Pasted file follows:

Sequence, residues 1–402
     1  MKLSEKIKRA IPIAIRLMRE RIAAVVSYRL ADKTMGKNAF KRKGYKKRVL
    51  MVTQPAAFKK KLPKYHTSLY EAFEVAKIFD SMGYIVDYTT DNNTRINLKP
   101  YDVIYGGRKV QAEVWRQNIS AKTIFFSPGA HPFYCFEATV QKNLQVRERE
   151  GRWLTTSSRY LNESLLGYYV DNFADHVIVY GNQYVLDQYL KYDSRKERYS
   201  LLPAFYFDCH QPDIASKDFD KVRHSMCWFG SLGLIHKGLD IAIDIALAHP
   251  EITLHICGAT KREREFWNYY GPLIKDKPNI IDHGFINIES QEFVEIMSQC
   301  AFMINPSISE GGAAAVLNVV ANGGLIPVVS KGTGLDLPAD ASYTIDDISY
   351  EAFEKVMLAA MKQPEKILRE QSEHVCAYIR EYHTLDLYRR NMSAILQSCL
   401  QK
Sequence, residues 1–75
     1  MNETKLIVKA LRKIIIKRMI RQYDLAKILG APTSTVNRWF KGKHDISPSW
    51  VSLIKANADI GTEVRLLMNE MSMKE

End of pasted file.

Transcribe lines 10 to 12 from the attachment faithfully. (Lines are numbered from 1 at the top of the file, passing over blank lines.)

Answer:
   401  QK
Sequence, residues 1–75
     1  MNETKLIVKA LRKIIIKRMI RQYDLAKILG APTSTVNRWF KGKHDISPSW